Platform: Xbox One, PS4
Release Date: October 18th, 2016
Mordheim: City of the Damned – Console Edition Review
I seem to be in the Warhammer-themed mood, so of course I got my hands on Mordheim: City of the Damned. Mordheim is a tactical-rpg based on the tabletop game of the same name, where you control one of five factions (now with the DLC you can play as Witch Hunters) each of whom have their own abilities, classes and play-styles. The factions include the Sisters of Sigmar, Mercenaries from the Empire, Skaven, Cult of the Possessed and he Witch Hunters with the recently released DLC.
Since the game is a tactical-rpg you’re in control of a small warband with a set amount of units who move about in a turn-based fashion.You’re given the opportunity to improve their warband’s strength by recruiting, leveling, improving and customizing a roster of combatants as well as their equipment. It plays very similar to games like the XCOM series with each of your units taking part in combat and if they fall in battle there’s chances it can lead to a permanent death and that unit can never come back, which emphasizes the player is careful with each of their engagements with the enemy.
That being said the combat in Mordheim doesn’t feel that fluid and straight-forward and at times feels boring and I felt myself waiting to progress to the next mission. However, when you do get the hang of the combat the game does get a little more fun, and taking down enemy units feels super satisfying. I can see the combat turning some people off as there does seem to be some kind of steep learning curve here, but if you can stick it out for the first couple of missions you’ll be good to go. Another downside of the combat in the game is that for most of the time the enemies are incredibly stupid in the fact that they’ll just stand there and let you beat the crap out of them with your units which sort of enforces the boredom factor as you never feel like you’re being challenged during these encounters and the whole “units can stay dead forever” doesn’t really have much of an impact if the enemies you encounter aren’t much of a threat.
The load-times in between missions is also incredibly slow and at times made me want to shut the game off and go to something else, and I even found myself listening to music and watching YouTube videos to pass the time. It’s kind of disheartening having to wait through these load-times only to be greeted by the boring combat and terrible AI.
Enemies and your units alone seem to be able to take a lot of damage and your weapons and attacks never really feel like there’s weight to them. You could probably do more damage throwing spaghetti at your foes than with the weapons you’re given in the game. That being said there’s a lot of really cool things going in with the campaign and ways that your units can be affected throughout their journey in Mordheim.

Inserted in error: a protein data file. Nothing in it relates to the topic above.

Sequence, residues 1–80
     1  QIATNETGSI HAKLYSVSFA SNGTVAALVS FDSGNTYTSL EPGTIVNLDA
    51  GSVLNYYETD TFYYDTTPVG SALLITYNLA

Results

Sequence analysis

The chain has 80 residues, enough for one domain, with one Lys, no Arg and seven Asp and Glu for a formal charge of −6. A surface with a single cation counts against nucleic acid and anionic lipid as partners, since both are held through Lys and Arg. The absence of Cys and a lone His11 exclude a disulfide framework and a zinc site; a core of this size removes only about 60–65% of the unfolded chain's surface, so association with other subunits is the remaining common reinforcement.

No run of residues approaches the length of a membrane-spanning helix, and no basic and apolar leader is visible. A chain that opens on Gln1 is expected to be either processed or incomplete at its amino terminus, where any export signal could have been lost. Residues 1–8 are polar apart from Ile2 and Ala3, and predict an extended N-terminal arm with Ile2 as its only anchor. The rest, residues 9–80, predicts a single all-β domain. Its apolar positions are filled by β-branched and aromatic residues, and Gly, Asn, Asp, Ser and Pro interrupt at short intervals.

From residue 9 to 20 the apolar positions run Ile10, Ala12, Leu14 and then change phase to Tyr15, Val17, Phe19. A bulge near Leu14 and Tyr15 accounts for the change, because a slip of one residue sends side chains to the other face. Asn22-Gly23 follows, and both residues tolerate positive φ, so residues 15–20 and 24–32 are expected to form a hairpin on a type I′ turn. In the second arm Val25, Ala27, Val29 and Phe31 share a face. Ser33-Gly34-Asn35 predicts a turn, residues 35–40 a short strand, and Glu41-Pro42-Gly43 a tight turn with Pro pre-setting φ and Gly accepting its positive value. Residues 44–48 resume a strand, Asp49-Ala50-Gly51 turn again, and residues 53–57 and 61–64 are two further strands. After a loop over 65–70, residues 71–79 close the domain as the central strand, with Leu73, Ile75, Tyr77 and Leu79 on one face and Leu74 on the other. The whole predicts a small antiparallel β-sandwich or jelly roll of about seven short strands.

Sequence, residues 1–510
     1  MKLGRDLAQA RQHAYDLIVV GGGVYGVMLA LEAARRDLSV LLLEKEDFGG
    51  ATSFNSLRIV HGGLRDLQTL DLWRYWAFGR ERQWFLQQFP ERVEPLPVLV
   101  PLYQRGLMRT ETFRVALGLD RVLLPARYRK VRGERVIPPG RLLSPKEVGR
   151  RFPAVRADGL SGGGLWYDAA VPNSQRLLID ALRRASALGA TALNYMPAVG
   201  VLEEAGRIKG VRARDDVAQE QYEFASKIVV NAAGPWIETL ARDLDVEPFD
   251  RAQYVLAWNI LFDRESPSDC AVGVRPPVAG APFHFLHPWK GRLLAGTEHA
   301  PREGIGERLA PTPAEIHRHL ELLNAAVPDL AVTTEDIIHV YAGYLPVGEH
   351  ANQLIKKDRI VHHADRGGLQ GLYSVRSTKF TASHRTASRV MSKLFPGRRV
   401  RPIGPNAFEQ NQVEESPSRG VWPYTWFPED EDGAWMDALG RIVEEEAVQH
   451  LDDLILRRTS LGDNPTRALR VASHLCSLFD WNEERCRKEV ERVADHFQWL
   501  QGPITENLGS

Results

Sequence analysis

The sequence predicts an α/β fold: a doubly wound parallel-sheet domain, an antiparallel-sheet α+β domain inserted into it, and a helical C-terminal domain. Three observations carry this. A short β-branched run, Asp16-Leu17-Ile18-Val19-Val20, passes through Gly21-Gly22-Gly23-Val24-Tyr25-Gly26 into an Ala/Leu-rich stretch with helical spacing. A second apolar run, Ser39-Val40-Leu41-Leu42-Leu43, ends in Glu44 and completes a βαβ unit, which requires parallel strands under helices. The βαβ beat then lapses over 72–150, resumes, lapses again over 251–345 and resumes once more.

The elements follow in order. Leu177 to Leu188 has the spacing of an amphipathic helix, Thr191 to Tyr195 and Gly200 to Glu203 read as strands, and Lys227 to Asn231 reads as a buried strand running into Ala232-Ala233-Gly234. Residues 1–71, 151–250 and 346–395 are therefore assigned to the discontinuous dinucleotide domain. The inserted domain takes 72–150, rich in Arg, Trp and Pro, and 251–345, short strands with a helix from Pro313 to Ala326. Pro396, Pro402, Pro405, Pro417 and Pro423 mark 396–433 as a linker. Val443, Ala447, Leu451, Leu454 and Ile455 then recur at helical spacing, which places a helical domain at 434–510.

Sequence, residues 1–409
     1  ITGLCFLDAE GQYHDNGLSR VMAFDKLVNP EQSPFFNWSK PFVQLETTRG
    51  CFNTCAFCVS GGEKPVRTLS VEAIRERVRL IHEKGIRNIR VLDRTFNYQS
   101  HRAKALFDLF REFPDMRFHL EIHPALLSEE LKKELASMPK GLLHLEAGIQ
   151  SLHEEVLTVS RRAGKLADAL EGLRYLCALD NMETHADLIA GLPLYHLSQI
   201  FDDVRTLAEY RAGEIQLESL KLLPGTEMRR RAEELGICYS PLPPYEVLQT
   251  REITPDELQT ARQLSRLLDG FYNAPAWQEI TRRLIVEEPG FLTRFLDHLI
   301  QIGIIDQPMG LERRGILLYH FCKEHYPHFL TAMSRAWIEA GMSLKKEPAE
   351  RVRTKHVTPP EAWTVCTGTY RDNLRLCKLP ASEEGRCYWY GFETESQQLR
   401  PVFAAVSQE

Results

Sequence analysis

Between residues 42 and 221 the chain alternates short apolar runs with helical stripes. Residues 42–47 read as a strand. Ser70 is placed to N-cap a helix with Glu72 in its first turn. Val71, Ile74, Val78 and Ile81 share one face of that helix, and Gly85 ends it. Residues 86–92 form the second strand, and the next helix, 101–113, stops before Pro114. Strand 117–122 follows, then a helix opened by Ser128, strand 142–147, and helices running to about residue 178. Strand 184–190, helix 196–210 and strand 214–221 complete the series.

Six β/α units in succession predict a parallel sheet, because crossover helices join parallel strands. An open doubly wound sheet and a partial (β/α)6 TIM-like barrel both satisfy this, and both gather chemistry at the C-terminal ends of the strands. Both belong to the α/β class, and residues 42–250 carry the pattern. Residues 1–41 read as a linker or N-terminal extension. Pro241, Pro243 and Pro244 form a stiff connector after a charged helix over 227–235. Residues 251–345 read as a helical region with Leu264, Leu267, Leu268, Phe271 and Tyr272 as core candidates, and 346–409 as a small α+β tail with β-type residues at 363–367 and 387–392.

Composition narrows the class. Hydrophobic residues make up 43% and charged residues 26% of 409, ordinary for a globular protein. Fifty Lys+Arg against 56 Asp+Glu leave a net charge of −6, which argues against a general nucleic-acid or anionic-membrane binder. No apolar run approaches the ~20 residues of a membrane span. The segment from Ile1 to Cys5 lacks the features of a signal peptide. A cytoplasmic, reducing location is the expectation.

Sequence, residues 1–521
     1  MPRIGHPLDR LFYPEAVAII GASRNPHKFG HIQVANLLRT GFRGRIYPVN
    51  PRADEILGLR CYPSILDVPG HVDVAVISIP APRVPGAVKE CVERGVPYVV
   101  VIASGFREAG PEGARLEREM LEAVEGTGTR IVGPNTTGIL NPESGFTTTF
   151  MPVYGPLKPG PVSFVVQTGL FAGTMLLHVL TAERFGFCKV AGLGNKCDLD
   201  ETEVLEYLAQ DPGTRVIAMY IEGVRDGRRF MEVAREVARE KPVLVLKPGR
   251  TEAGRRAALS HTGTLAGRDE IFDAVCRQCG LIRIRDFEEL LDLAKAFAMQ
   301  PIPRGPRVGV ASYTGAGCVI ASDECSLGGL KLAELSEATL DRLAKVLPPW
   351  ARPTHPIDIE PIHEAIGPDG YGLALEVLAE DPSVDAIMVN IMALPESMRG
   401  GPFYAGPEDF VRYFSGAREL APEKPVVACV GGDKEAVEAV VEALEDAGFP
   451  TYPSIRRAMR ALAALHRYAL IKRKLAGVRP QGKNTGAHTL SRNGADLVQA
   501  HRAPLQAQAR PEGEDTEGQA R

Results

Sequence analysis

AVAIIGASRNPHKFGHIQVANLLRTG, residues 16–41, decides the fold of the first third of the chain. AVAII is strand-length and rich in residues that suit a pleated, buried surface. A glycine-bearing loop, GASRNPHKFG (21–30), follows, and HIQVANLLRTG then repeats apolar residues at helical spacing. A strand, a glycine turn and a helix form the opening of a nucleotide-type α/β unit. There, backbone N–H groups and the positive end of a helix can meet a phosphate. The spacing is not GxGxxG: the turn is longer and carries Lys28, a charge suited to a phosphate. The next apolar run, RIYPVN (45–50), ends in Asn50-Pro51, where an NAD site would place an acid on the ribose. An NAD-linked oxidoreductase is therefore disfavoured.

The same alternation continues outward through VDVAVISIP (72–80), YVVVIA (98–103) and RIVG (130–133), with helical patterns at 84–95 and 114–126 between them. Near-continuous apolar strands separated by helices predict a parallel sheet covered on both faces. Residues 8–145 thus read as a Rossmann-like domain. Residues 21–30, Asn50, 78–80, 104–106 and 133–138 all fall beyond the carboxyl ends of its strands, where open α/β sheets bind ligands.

For example, I play as the Skaven and seeing my units get affected by their injuries permanently is a neat little addition that most of these kind of games don’t do. One of my units fell during battle was only knocked out and survived the events of the battle, but ended up with a permanent hearing problem that would affect him in certain ways with ambushes and what-not, that’s pretty friggin sweet.
The saving grace here in terms of combat is diving into the multiplayer if you’re sick of unintelligent foes who offer no sense of dread. I hadn’t gotten the chance to spend much time on the online component due to not finding many matches but the matches I did find were the stand-outs of my experience with Mordheim and made me have more fun with the combat than I had in the solo part of the game.
If you’re looking for something to go toe-to-toe with XCOM you probably won’t find that in Mordheim but that’s not to say it isn’t worth dipping your toes into. The game does have its positives with the whole unit customization and the lingering effects that can take hold of your units after each battle if you don’t play too smart, but sadly this isn’t much of a worry due to the incredibly stupid AI. It’s still a neat addition and thankfully there are modes for the online portion where these types of things can carry over to your units during offline play in the singleplayer campaigns. Customizing your units and giving them their own stories is one of my favorite parts of the game and is probably what’s going to keep me coming back as well as the new warbands they have the possibilities of introducing.
In the end Mordheim isn’t an awful game, but it’s not great either. It falls somewhere in between and that’s okay. The combat feels meh most of the time (unless you’re playing online), the load times are atrocious, but the customization and vastness of the campaign makes the game worth checking out. Each unit develops into their own character and that’s really cool, and I’d like to see more games take that approach. If you’re into the tabletop version of Mordheim you’ll probably be somewhat into the video game and if you’re a diehard tactical-RPG fan than you may feel right at home here with the game, just don’t go in expecting something like XCOM and you should be fine.
This game definitely has a particular group of people it’s going for and definitely won’t appeal to every gamer. Warhammer Tabletop and Tactical-RPG fans should feel right at home.